Maryland Coastal Bays

Maryland's Coastal Bays, the shallow lagoons nestled behind Ocean City and Assateague, comprise a complex ecosystem. These estuarine bays, at the interface between fresh and saltwater, provide habitat for a wide range of aquatic life. But like many coastal systems, they face threats from intense development, nutrients, sediments, and other stresses associated with human activities.

Research Findings

The Integration and Application Network has been using stable isotope techniques to identify nitrogen sources in the Maryland Coastal Bays. This is a summary of some of the findings from this work. Further information can be found in the publications section.

Following an expansive survey in May of 2004, a 2006 study targeted four small regions within the Coastal Bays to assess in detail the nutrient inputs and sources within these regions. The 2004 study identified St. Martin River as a region with high nutrient inputs and overall poor water quality. St. Martin River was included in the 2006 study to further assess sources and inputs to this region. The 2004 study also identified Public Landing and Johnson's Bay as areas with poor water quality due to high total phosphorus, high turbidity and low dissolved oxygen – with no obviously apparent point of riverine source of this poor water quality. Similarly, the Chincoteague Island region showed relatively low water column total nitrogen, but high δ15N (natural isotope abundance), suggesting possible human-derived sources of nitrogen to this area.

Other major findings include:

  • Both macroalgae (Gracilaria sp.) and the eastern oyster (Crassostrea virginica) provide information about nitrogen sources. Macroalgae provides a good estimate of broad patterns over short periods of time, whereas oysters take longer to incorporate nitrogen. As a result, each provide complimentary information for water quality monitoring programs.
  • Johnsons Bay shows evidence of local freshwater and nutrient inputs inshore.
  • Public Landing shows evidence of local inputs of nitrogen and phosphorus.
  • St. Martin River (a mini estuary) shows high total nutrient inputs and a flushing gradient.
  • Complex waterflows from the inlets around Chincoteague Island influence sources of nitrogen identified with macroalgal and oyster bioindicators.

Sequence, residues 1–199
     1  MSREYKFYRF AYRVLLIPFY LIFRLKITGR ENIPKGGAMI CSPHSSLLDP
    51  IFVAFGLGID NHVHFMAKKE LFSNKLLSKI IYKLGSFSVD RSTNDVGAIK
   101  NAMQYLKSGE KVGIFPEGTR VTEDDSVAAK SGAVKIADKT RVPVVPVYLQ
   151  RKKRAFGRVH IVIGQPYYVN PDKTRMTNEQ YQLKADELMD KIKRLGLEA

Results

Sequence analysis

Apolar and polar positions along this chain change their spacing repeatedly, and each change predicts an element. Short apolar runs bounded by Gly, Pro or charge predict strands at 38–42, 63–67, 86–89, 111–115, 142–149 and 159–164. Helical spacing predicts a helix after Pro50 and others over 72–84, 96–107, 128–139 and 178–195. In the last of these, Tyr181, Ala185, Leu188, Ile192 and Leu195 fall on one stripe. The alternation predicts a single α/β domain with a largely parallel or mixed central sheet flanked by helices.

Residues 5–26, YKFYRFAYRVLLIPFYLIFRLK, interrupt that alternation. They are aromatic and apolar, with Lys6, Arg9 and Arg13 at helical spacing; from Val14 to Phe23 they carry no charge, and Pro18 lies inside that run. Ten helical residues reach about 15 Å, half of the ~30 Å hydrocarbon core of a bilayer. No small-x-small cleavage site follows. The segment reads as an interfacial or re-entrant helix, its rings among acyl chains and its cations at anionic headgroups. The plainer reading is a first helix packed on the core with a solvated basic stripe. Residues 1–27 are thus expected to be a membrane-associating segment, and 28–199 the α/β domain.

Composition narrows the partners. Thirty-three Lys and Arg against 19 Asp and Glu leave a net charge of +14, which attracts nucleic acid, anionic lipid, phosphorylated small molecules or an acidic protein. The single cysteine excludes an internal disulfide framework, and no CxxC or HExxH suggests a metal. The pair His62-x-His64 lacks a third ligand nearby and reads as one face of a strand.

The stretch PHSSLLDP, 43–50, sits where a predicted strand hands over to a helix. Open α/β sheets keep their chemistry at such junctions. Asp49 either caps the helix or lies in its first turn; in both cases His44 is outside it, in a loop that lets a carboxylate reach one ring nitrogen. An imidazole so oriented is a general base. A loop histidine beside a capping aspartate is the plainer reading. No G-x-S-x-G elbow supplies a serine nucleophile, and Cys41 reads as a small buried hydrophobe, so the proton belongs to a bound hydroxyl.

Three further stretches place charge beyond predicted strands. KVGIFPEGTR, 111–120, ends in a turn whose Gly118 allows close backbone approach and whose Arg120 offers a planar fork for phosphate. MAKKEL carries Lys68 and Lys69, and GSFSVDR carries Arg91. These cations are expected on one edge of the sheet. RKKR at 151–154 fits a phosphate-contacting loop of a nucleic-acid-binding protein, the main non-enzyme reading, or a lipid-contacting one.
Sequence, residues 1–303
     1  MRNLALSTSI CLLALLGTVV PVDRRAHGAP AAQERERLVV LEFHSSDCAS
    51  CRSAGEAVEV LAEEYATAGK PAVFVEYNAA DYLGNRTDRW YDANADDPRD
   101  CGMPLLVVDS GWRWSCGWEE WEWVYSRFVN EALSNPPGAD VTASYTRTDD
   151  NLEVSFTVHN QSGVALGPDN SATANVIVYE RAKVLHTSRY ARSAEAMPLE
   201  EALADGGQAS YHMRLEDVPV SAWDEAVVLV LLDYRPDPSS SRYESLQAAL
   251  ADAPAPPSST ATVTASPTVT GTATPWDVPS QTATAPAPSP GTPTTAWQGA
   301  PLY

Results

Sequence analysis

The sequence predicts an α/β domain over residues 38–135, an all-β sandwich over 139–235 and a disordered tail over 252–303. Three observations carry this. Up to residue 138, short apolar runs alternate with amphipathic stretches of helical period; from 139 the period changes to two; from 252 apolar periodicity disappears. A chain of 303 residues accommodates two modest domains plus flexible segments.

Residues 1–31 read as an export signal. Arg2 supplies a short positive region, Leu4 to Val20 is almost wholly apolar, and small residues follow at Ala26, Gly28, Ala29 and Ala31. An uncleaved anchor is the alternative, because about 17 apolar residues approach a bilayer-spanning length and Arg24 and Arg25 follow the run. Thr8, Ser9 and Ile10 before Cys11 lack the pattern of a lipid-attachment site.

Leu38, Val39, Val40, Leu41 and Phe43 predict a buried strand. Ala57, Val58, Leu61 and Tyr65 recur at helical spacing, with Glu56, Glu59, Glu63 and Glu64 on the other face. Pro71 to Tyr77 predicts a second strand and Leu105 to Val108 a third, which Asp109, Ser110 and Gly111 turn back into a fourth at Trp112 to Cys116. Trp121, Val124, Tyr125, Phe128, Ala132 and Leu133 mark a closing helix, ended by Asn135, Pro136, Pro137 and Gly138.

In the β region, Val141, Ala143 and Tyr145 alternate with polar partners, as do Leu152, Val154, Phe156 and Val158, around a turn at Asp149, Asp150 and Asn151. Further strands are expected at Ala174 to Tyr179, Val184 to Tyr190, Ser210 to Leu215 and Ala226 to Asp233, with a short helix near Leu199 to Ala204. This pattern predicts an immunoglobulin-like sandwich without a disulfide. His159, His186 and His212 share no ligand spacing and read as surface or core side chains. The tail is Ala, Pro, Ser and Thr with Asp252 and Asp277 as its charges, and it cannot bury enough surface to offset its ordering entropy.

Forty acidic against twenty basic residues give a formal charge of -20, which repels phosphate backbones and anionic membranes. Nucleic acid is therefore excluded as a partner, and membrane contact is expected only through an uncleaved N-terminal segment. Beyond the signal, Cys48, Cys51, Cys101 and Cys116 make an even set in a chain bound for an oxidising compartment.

Oyster δ15N values reveal patterns at a fine scale. In oyster tissue, short-term nutrient fluctuations or pulses are either not incorporated or not significant enough to impact the existing δ15N signature of the tissue. Due to longer nutrient integration periods (compared with macroalgae), patterns within regions can be found. This is particularly apparent in southward gradients at Johnson Bay and around Chincoteague Island, indicating significant anthropogenic effects.

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Stable isotope ratios from oyster muscle deployed in the coastal bays in 2006.


Total nitrogen varied across regions in 2004. St. Martin River in the north had high levels of total nitrogen. Middle areas of Maryland's Coastal Bays, such as Public Landing and Johnson Bay, had mid-levels of total nitrogen. Lower Chincoteague Bay had low total nitrogen loads. Stable nitrogen isotope (δ15N) ratios in macroalgae indentified broad regional patterns effectively. Despite differing total nutrient loads in St. Martin River and Chincoteague, the macroalgal δ15N was high at both locations, indicating anthropogenic nitrogen sources. Public Landing had low values of δ15N, suggesting minimal loads from sewage or septic sources, leaving terrestrial agriculture as a potential nutrient source. A similar pattern was found in Johnson Bay. A spike of δ15N inside Mills Island has an unknown source, but microbial processing could also be elevating the δ15N signature.

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Stable isotope ratios from macroalgae deployed in the coastal bays in 2004.


Temporal, rather than regional grouping of biological parameters (chlorophyll a, as well as %N, δ15N, δ13C, and C: N in macroalgae) in the non-metric multidimensional scaling analysis indicated that the biological response to nutrients was driven by precipitation. Typical of other shallow coastal ecosystems, nutrients increased primary production, which contributed to reduced water clarity via elevated levels of phytoplankton. However, physical parameters (temperature, salinity, Secchi depth, total nitrogen and total phosphorus) varied regionally, rather than temporally. Athough effects due to rainfall were observed throughout the Coastal Bays, differences between regions were observed.

physical biological correlations
Physical and biological non-metric multidimensional scaling analysis and correlations in 2006.


Heavy precipitation in June 2006 pulsed nutrients into the coastal lagoons. Salinity and nutrient gradients which emanated from shore, combined with limited overland flow, implicated groundwater total nitrogen transport. This precipitation-driven groundwater nutrient pulse across all regions affected the measured biological parameters.

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Salinity and total nitrogen in 2006.

2004 State of the Bays

The Maryland Department of Natural Resources together with the Maryland Coastal Bays Program and the Integration and Application Network at the University of Maryland Center for Environmental Science has completed the State of the Maryland Coastal Bays Report.

health map